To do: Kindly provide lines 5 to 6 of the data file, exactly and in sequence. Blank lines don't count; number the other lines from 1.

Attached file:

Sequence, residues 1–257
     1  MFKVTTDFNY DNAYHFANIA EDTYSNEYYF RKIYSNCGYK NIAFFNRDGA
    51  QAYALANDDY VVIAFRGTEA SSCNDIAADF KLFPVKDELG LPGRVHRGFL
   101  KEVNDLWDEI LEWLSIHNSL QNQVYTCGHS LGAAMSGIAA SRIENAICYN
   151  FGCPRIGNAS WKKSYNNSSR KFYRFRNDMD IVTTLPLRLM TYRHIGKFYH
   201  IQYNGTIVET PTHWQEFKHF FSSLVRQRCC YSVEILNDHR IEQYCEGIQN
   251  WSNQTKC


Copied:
   151  FGCPRIGNAS WKKSYNNSSR KFYRFRNDMD IVTTLPLRLM TYRHIGKFYH
   201  IQYNGTIVET PTHWQEFKHF FSSLVRQRCC YSVEILNDHR IEQYCEGIQN